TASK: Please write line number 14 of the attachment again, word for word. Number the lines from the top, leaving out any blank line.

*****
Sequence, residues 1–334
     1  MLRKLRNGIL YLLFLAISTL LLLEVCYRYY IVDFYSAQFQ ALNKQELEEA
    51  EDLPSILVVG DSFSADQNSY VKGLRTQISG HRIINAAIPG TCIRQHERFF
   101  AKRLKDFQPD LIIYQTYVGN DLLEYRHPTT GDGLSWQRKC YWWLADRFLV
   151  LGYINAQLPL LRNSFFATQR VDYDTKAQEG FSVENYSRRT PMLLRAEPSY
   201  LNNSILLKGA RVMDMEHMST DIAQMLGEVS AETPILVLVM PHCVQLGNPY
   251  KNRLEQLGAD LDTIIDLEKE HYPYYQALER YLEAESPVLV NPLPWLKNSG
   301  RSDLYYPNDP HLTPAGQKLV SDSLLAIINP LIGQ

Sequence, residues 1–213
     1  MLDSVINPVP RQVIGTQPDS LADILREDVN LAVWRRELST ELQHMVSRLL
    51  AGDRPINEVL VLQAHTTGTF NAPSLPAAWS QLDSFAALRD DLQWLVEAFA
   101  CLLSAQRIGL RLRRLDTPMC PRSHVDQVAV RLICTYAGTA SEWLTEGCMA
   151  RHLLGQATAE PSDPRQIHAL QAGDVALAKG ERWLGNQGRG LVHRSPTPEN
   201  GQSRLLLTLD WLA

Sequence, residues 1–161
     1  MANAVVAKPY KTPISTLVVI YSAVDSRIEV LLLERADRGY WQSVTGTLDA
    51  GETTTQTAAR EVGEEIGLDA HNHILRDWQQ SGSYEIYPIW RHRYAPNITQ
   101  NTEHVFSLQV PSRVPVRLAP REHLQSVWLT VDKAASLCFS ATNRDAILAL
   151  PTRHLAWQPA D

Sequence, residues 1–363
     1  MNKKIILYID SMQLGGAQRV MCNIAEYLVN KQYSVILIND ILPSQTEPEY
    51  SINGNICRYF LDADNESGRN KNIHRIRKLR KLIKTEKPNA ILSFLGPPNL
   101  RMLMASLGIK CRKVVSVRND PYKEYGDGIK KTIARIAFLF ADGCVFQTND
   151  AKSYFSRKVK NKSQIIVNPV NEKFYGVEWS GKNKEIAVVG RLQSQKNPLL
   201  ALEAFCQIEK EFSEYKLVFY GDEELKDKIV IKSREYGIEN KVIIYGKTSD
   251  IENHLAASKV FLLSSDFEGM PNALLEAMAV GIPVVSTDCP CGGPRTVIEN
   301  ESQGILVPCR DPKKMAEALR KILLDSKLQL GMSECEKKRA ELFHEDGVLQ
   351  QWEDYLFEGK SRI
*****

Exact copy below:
   201  GQSRLLLTLD WLA